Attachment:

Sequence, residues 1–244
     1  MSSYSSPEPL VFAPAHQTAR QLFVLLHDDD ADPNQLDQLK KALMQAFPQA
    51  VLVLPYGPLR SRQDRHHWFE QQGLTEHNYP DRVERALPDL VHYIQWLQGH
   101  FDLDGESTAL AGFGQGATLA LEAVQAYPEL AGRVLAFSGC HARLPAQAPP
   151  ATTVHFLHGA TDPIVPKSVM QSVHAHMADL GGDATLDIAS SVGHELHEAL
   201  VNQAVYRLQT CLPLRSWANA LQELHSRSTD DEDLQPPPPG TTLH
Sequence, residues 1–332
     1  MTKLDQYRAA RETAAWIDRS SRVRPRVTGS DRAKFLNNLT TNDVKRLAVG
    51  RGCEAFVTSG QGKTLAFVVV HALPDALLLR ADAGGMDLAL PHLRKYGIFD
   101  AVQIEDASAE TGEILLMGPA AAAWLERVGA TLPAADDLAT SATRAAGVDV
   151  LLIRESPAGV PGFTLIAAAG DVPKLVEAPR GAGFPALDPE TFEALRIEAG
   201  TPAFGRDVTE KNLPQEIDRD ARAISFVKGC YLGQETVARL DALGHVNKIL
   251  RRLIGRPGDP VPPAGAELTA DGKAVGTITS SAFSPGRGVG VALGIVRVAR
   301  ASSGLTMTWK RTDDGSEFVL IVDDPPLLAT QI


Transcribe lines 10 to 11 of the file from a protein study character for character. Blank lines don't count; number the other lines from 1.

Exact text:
   101  AVQIEDASAE TGEILLMGPA AAAWLERVGA TLPAADDLAT SATRAAGVDV
   151  LLIRESPAGV PGFTLIAAAG DVPKLVEAPR GAGFPALDPE TFEALRIEAG